Benedict: Take Joy in the Good of our Separated Brethren
Quote: These people do good works in the name of Jesus, however filled with confusion and error they may be. The fact that we cannot find in ourselves to "come down" and take joy in that shows that we lack charity for our neighbor.

Your straw man is quite impressive.  There is no crisis, not even a minor issue, about Catholics, whether Trad or Neo, of people upset with a Baptist hospital providing medical care to the poor. NONE.  It is not being "complained about" in this thread.  You know that, and I know that, and more importantly everyone reading this thread know it.  Which makes your argument a straw man argument.

The issue is the words Pope Benedict used.  "Profound Communion" is very improper.  I will never do or feel anything with a Baptist "eccleisal group" in a spirit of "profound communion".  Because I am Catholic.

Quote: Good savior statement + bad Luther statement = bad Pope
Good point.  This is true.
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SouthpawLink,

On 1, the fact is Christians are divided. These theologians are attempting to understand the Church as united and holy while still being divided and unholy. Also there is a desire to go away from a juridical view of the Church, and emphasize rather it as a communion of love between members, and between members and Christ. The juridical view of in/out, like I said in other cases, provides little of the "middle story" for these people. We have sacraments outside the visible bounds of the Church. The theological development isn't settled, so there is much to explore, and even the proponents of communion ecclesiology disagree in aspects. The biggest trend, though, was away from a juridical view of the Church.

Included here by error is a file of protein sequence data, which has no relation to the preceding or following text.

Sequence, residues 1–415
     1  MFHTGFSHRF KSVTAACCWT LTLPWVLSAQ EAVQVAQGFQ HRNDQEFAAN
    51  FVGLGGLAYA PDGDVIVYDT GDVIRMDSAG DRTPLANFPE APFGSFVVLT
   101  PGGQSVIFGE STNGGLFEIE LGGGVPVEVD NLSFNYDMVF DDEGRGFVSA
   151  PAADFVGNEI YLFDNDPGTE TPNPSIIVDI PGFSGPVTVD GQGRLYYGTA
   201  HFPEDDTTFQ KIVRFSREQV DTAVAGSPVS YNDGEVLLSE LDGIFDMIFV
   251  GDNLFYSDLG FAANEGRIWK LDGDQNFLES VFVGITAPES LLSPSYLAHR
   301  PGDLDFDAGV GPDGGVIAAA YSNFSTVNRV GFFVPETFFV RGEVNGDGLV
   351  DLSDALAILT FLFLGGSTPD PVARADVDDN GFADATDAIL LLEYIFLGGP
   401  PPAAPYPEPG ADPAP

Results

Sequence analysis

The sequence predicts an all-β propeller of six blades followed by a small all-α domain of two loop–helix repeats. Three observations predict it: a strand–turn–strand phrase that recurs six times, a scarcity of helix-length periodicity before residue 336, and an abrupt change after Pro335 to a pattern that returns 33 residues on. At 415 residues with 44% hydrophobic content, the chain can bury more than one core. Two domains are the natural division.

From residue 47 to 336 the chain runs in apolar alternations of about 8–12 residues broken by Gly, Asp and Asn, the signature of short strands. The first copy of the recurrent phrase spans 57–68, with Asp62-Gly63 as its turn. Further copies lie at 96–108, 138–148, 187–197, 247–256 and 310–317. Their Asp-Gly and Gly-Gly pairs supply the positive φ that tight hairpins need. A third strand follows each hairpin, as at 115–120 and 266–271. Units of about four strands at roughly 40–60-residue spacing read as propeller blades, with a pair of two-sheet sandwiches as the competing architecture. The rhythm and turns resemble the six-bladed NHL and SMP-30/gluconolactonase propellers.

On 2, ecumenism has changed because the Church has loosened conditions to foster more openness. Catholics participated before, but it was "unofficial". Ecumenism is distinct because it is preparation of the field, a distinct action before planting and harvesting. It is making conditions more favorable to accepting the fullness of the Faith. Not all endeavors to other Christians involves this step. The later process of educating them and reconciling them is a planting and harvesting, which is still just as valid. I think the added step of dialog was to make the field a peaceful one, that men could operate in the field of evangelization without resorting to violence, polemic, calumny, and other unfortunate traits of division.
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DustinsDad, your non sequiturs add nothing to the conversation.
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(10-23-2012, 12:52 PM)James02 Wrote:
Quote: These people do good works in the name of Jesus, however filled with confusion and error they may be. The fact that we cannot find in ourselves to "come down" and take joy in that shows that we lack charity for our neighbor.